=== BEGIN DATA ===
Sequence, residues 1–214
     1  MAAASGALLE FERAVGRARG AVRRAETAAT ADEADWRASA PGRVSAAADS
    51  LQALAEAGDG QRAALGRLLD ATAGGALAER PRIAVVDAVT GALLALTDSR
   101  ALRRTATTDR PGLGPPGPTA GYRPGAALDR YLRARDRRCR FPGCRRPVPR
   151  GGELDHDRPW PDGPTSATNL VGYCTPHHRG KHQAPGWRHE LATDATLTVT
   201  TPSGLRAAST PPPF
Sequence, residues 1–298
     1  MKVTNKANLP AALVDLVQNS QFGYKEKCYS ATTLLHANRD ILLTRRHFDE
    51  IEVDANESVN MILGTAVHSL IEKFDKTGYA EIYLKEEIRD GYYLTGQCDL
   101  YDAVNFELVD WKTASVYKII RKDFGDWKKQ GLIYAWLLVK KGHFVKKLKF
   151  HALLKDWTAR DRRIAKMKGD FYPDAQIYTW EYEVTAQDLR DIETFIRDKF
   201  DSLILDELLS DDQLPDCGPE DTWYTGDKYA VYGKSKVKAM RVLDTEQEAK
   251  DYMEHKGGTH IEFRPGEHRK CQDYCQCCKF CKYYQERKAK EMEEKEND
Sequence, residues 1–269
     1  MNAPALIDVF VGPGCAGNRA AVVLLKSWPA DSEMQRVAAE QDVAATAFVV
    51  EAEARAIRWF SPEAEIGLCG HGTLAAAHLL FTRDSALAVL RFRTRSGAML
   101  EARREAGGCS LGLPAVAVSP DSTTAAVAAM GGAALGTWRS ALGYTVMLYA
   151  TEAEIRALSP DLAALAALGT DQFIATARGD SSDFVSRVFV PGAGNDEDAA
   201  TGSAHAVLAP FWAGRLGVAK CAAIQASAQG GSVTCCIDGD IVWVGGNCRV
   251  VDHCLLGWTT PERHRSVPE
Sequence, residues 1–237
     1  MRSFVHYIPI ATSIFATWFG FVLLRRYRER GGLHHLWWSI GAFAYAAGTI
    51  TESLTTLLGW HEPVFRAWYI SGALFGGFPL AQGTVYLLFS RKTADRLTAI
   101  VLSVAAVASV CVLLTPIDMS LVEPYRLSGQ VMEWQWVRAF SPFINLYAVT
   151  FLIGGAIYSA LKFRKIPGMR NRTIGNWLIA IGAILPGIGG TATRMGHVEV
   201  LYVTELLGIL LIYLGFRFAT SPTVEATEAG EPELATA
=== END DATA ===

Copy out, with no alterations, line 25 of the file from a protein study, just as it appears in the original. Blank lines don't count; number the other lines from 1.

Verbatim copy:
   151  FLIGGAIYSA LKFRKIPGMR NRTIGNWLIA IGAILPGIGG TATRMGHVEV